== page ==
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These words from +Brad Abrams sum up why I'm into ubiquitous computing.
Some #ThursdayThoughts on the impact of voice technology from Googler Brad Abrams:
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Convergence Approaching

Yesterday, I spent the day at a workshop on some fairly mundane technology. Important. Useful. New, but not bleeding edge. But somewhat mundane.

No fewer than five people at the workshop asked me about Glass. One person asked me to take their picture several times after I demoed it. One pulled out their phone and started searching ebay listings.

While I was there - there was news about Dialogflow, one of the tools behind the Assistant, voice interactions, and Glass coming out of Google's NEXT conference in San Francisco.

This isn't really saying "Glass is back". We've known Glass was still around a year ago. This isn't a consumer model. This isn't even the Assistant on it, which is my eventual hope. But this is a demonstration how some companies see the vision and are working to make it a reality, one step at a time.

https://www.wired.com/story/google-glass-is-backnow-with-artificial-intelligence/
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Do you hear the same thing I hear? Does your Alexa or Google Home hear the same thing? Probably not, which is why you're hearing a lot of four letter words.

My thoughts on Laurel, Yanni, and the Alexa that started sharing a conversation with someone else.

http://www.iaflw.com/2018/05/hear.html
HEAR
HEAR
iaflw.com
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Deuling Technologists at DevFestDC

+Noble and I have known each other for about 5 years, but in two weeks we'll be facing off! We'll be debating the role of some of our favorite technologies in our lives. Which ones? Get your tickets to DevFest DC and find out!

https://devfestdc.org/
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Five Years with Glass

Five years ago today, I took a small trip to the Google offices in Chelsea Market to pick up my pair of Google Glass.

Five years.

Today, I'm sitting at I/O 2018, waiting to hear from Google what is next with this technology they launched at I/O 2012.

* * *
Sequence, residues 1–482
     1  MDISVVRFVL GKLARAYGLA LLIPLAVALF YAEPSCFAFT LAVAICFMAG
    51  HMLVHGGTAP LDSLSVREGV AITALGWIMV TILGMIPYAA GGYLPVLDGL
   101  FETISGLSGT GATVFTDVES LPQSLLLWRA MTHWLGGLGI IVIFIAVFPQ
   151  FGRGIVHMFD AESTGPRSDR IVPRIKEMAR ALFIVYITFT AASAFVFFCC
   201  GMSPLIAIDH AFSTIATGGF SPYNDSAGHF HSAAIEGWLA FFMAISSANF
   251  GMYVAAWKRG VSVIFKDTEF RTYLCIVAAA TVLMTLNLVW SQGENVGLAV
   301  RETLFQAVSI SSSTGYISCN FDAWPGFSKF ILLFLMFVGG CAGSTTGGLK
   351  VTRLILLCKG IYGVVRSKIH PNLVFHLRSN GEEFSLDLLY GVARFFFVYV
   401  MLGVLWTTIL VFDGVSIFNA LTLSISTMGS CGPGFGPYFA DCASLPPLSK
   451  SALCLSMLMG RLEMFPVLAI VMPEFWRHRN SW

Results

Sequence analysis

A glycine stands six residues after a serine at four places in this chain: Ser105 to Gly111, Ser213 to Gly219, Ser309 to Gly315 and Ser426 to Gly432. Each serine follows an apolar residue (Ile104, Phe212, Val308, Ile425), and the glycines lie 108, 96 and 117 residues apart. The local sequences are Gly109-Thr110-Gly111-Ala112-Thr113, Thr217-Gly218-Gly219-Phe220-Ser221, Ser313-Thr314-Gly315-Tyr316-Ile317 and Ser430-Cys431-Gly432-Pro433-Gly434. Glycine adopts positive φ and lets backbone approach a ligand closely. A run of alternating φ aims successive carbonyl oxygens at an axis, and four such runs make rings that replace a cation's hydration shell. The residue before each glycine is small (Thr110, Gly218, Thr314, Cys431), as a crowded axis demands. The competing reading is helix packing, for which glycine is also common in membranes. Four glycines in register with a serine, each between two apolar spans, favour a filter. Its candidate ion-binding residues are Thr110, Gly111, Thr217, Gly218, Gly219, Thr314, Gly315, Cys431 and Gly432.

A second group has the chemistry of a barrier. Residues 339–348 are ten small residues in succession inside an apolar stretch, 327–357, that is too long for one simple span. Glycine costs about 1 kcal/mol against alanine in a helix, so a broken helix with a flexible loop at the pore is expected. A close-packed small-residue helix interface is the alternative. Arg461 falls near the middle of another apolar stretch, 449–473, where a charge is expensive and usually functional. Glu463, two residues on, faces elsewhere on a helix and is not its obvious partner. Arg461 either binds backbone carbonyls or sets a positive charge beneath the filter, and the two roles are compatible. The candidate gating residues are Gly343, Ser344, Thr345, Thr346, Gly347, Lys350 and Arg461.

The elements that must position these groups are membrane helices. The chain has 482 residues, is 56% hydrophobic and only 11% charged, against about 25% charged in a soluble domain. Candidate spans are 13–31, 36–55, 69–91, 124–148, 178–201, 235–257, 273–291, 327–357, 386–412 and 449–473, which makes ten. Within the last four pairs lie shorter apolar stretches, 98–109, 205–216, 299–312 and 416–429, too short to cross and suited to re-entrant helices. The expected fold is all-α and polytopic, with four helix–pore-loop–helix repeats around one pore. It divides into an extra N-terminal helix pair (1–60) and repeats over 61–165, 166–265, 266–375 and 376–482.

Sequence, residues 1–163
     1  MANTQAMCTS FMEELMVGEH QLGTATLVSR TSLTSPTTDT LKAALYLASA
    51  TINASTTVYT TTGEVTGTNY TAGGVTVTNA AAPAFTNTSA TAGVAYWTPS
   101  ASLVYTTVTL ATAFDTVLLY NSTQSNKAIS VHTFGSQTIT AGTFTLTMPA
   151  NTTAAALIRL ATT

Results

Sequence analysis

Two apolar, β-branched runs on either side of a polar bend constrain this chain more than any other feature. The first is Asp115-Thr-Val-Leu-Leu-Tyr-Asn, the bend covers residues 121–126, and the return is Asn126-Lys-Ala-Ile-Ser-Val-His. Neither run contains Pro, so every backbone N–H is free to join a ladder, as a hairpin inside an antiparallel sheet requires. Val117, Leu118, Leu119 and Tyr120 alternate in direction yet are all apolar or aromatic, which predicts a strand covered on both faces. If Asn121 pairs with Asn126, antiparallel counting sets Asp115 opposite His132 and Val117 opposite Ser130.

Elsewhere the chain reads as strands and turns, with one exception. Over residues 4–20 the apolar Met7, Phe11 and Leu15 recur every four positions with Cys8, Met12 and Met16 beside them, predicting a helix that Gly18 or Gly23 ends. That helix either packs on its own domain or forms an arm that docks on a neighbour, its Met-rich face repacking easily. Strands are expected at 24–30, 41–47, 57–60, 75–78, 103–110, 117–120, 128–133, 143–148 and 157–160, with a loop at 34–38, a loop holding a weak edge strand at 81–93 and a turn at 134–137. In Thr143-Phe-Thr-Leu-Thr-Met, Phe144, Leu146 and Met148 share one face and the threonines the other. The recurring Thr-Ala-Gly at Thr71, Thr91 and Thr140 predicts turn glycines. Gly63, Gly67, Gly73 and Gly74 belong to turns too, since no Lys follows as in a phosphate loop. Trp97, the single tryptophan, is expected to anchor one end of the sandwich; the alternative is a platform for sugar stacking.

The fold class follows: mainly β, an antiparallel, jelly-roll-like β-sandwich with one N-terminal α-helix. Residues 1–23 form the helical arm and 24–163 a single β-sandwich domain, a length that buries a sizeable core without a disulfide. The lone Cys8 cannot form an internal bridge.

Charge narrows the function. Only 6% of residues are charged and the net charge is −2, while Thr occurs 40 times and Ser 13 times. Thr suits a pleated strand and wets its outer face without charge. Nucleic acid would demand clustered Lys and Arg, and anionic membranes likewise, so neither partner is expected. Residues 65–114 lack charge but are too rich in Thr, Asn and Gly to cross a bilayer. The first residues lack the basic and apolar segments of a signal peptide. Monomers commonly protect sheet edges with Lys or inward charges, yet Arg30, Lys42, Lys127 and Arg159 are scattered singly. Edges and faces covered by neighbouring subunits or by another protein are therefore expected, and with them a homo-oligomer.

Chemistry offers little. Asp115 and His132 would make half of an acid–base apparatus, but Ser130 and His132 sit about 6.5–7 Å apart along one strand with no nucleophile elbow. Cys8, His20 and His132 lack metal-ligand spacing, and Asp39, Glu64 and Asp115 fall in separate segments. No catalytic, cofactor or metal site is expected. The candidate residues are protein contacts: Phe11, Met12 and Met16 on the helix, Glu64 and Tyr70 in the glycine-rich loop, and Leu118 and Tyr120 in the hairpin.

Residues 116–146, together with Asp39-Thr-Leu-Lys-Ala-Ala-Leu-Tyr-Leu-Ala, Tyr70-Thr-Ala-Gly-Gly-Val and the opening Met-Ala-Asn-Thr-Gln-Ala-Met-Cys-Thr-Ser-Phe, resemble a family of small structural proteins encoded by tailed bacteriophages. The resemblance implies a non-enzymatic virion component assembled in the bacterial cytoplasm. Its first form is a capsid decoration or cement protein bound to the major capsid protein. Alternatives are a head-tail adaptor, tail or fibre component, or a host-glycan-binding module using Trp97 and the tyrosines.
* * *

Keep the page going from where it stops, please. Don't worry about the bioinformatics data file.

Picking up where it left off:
A few people will be confused - what am I talking about? Glass was cancelled, wasn't it? Just a handful of us still wearing it, with a batch more using it in nice industries and specializations.

Yes... but Glass was more than just the form factor. It was an idea. A new way of working with technology. As we have repeated over and over, Glass was meant to me "there when you need it, out of the way when you don't".

Today, we see that same concept applied to many other form factors. We have smart watches, smart speakers, and smart displays. There when you need them. Out of your way to experience the physical world when you don't. There to take a note, ask a question, or quickly respond to a message - so you can get back to the things you enjoy in your life.

At the heart of those form factors is, what I think, is the crucial technology - the Google Assistant. There with its own commands, expandable with Actions built by the community, and on a growing number of devices courtesy of Android Things.

At I/O 2016 and 2017, we started to learn about the Assistant. We started to get our feet wet This year, I think we will learn a lot more. We're understanding how to use the Assistant better and what more we need from the platform. We'll hear about how Android and the Assistant will be working even closer together, and how developers will be able to take advantage of that. Developers will have to learn how to adapt to a host of form factors - from voice only to mobile devices to living room TV to items in our kitchens.

I've renamed this collection to reflect that - Glass is still the form factor I love, but more and more I think the crucial concept is that Glass showed us we can use our voice to interact with our digital world. That our devices need to seemlessly integrate with us and our world. And that our Assistant is there to help us do great things.

"But what," I hear you asking, "about Glass? Will we see the Assistant on Glass?"

I hope so. Oh, how I hope so! We know Alexa is getting a face-wearable form factor this year. We saw Intel try and give up. I have been reserved in past years... but I'm hopeful that this is the year we see the new version of Glass we've been waiting for - with the full power of the Assistant always there to help us... and waiting patiently on our heads when we're interacting with the rest of the world.

I'll be posting in my I/O 2018 collection the next few days. Follow me there or at https://prisoner.com/io/
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If you're developing for the Assistant... I have something new.

Multivocal is a library for node.js that takes a different approach to developing for the Assistant.
Introducing Multivocal

I'm pleased to announce that Multivocal 0.6.0 is released. (More like a pre-release.)

What is multivocal?